Tim Buppert made his living as a singing drummer from the age of 18 until moving to Nashville in 1991, where he put aside the drums to focus on a songwriting career. While performing his songs at the Bluebird Cafe, Tim was asked to sing some demos for hit songwriter Don Schlitz. Fast forward 25 years and Tim has sung on over 8,000 recordings including albums by Trisha Yearwood, Michael Peterson, Kevin Sharp, Billy Ray Cyrus and Rodney Atkins to name a few and on jingles for Pepsi, Luvs diapers, TNN and many more. In 1997 Tim had his first success as a writer with the #1 hit by Kevin Sharp, “She’s Sure Taking It Well.” Tim scored again in 2000 with Yankee Grey and the song “Another 9 minutes” which reached #11 on the Country charts. After 10 years Tim went back to the drums and once again is the “Singing Drummer” for some of Nashville’s most popular bands - Vinyl Radio, FAB, The Consoulers, Live From Ventura Blvd, Twelve Against Nature and Make Me Smile. Tim does well over 100 shows a year and plans to retire in the year 2040.

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Recycled art contest will celebrate anniversary of recycling center

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ReCycledArt Graphic Emily Banks Wooten
This email address is being protected from spambots. You need JavaScript enabled to view it.

To celebrate its upcoming one-year anniversary in November, as well as America Recycles Day which is Nov. 15, Polk County Recycling & Beautification (PCRB) is hosting a “Recycled Art Contest” that is open to everyone.

PCRB operates the Polk County Recycling Center located at 10311 Hwy. 146 in Livingston at the intersection of Hwy. 146 and FM 2665. The recycling center accepts #1-#7 plastics, flattened corrugated cardboard and aluminum and steel “tin” cans. The recycling center is open Tuesdays and Fridays from 10 a.m. to 3 p.m. and Saturdays from 9 a.m. to 2 p.m. In its first 10 months of operation, the center has diverted over 69,000 pounds of materials from the Polk County Landfill. 

PCRB is a nonprofit organization that has partnered with Polk County to provide a reliable recycling service for the residents of East Texas, sustained by grants, donations and the sale of recyclable materials.

Entries in the recycled art contest should be works of art created using only materials that the local recycling center accepts. To enter, visit the recycling center or the website (pcrbtexas.org) for an entry form. Submit the artwork and the entry form by Nov. 1. Visit pcrbtexas.org for a complete list of rules.

The first-place winner will receive $100, the second-place winner will receive $50 and the third-place winner will receive $25. The people’s choice winner will receive $75. To cast a vote for people’s choice, take recyclables to the center Nov. 4-15.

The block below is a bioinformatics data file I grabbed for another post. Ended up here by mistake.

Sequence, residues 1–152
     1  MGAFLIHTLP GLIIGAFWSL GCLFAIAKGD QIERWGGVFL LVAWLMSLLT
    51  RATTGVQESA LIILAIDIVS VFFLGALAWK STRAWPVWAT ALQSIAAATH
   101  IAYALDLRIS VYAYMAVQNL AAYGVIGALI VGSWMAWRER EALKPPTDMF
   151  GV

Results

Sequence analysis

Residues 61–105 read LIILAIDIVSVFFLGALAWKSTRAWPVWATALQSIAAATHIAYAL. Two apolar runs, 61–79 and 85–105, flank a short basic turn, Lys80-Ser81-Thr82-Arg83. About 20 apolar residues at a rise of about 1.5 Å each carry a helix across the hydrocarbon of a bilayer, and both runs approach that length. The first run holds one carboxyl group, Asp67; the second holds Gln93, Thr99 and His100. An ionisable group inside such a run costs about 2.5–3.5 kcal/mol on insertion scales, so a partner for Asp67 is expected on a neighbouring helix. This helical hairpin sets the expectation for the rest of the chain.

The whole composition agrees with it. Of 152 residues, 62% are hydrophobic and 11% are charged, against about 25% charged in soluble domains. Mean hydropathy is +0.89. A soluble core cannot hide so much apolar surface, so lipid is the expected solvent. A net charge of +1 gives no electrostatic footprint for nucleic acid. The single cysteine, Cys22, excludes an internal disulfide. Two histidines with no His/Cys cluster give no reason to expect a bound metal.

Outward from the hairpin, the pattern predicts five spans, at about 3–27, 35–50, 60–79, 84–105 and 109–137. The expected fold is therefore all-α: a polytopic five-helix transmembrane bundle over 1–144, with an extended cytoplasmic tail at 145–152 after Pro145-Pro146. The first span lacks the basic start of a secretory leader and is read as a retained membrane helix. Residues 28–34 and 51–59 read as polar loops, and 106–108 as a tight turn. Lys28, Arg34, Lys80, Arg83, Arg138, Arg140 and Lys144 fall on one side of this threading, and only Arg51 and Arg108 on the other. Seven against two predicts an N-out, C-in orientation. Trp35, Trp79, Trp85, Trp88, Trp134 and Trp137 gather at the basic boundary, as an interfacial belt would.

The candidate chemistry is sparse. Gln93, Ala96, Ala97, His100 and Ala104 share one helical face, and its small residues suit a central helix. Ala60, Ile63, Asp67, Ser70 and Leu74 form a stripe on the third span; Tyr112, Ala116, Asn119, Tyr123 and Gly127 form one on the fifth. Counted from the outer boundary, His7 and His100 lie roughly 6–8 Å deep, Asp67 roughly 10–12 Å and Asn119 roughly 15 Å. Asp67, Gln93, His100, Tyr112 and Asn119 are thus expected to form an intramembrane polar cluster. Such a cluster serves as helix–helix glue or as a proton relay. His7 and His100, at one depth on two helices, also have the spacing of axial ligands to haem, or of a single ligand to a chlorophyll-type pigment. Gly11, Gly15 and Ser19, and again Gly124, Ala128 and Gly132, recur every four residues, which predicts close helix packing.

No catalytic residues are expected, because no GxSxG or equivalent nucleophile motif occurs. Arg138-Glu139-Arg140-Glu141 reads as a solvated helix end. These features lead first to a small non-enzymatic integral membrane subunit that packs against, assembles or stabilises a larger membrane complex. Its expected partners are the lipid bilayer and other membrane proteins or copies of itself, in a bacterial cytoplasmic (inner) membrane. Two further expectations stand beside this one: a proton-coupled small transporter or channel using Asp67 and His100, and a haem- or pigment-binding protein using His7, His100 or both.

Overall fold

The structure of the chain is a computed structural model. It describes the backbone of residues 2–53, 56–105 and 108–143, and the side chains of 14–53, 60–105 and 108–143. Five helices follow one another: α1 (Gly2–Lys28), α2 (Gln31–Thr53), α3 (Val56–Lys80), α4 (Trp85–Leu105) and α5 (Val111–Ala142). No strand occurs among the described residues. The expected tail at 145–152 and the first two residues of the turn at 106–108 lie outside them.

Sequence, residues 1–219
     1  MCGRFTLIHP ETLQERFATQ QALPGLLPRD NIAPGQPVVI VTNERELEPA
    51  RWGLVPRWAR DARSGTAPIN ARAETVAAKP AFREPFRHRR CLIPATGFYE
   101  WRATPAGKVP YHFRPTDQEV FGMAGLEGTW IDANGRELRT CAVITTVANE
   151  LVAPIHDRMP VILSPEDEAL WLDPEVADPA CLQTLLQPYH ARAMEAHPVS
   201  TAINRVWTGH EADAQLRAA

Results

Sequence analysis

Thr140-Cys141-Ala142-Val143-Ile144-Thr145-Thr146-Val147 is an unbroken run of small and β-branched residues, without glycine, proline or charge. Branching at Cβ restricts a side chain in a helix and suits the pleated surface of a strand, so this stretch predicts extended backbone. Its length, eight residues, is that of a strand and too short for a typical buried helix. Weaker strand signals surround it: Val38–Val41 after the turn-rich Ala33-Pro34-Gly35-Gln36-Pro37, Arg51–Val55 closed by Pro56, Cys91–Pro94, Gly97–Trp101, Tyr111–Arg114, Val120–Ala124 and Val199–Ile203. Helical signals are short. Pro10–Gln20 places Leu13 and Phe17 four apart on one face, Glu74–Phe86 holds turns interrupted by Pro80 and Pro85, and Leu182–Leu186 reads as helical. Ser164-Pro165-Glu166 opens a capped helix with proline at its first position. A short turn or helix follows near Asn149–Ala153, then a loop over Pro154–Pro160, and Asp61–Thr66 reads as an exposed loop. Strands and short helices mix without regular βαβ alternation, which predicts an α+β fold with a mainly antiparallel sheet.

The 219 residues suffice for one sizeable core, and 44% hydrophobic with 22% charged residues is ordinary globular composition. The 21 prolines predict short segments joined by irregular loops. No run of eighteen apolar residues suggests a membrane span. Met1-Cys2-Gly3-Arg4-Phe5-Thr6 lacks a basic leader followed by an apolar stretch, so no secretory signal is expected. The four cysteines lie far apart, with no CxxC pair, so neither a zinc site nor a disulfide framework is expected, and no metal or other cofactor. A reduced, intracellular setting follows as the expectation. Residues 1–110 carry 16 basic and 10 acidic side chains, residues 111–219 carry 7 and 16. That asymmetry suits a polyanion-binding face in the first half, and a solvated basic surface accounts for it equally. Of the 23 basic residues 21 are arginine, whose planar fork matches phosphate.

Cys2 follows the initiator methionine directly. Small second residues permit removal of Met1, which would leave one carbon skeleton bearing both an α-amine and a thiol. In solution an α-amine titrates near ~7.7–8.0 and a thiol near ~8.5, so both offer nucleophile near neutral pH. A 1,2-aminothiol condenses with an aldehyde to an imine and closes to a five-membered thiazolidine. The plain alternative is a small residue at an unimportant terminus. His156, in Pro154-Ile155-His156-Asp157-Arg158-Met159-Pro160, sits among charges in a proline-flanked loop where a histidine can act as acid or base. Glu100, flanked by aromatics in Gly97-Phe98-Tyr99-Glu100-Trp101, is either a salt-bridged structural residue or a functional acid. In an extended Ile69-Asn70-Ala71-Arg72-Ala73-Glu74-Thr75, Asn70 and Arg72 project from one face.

Contestants may be individuals or groups of any age. Although entries must be made from materials the recycling center accepts, plastic bottle caps and paper tubes will be allowed. Glue, tape, wire, screws and other fastening materials are allowed. Paint, markers and other coloring mediums are allowed. Glitter is not allowed. The maximum size of the entry is two feet long by two feet wide by three feet high.

The artwork must be submitted to the recycling center with a completed entry form no later than 3 p.m. on Nov. 1. Artwork will be displayed at the recycling center Nov. 4-15. No names may be visible on the artwork while displayed.

Recyclers visiting the recycling center Nov. 4-15 will vote for people’s choice. A panel of judges will decide first, second and third place winners. Judges will score artwork based on the following criteria: 50% creative use of recyclable materials, 30% overall presentation and aesthetics and 20% craftsmanship. Bonus points will be awarded if materials are still recyclable.

To learn more about the recycled art contest, volunteering at the recycling center or donating to the recycling center, visit PCRBTexas.org or Facebook.com/PCRBTexas. Checks may be mailed to 10311 TX-146, Livingston, TX 77351. Call 936-337-3315 or email This email address is being protected from spambots. You need JavaScript enabled to view it. for additional information.

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FIRST RESPONDERS TO BE HONORED

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MattCorkyRonnie

A 9-11 Prayer and Remembrance Ceremony honoring all Polk County first responders will be held at 9 a.m. Sept. 9 at the Livingston City Hall. The new Livingston Police Honor Guard, along with the VFW Honor Guard, will post and raise the colors along with the 9-11 commemorative flag. The Livingston High School Choir will sing and bells will be rung by representatives of the Livingston Volunteer Fire Department, the Livingston Police Department and local emergency medical service providers. Everyone is invited to come out and show their support. (l-r) Livingston Police Chief Matt Parrish, Livingston Fire Chief Corky Cochran and Livingston Police Officer Ronnie Bogany. Courtesy photo

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LISD to decrease tax rate

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Livingston ISD LogoThe Livingston ISD school board approved a lower tax rate for the 2022-23 academic year Tuesday during the monthly meeting for August.

LISD Chief Financial Officer Ben Davidson reviewed the Livingston ISD 2022-2023 proposed budget during the public hearing. The general fund revenues are projected at $42,500,734, and expenses are projected at $40,687.424. 

LISD anticipates a budget surplus at year-end. These funds will be rolled into the fund balance and earmarked for use to extend the initiatives funded by the ESSER program. The ESSER program is an Elementary and Secondary School Emergency Relief grant program that was created for Coronavirus aid beginning in March 2022. 

The instruction function is budgeted at $23,095,000 for the 2022-23 school year and is the largest under the maintenance and operations budget. The board approved the budget as presented.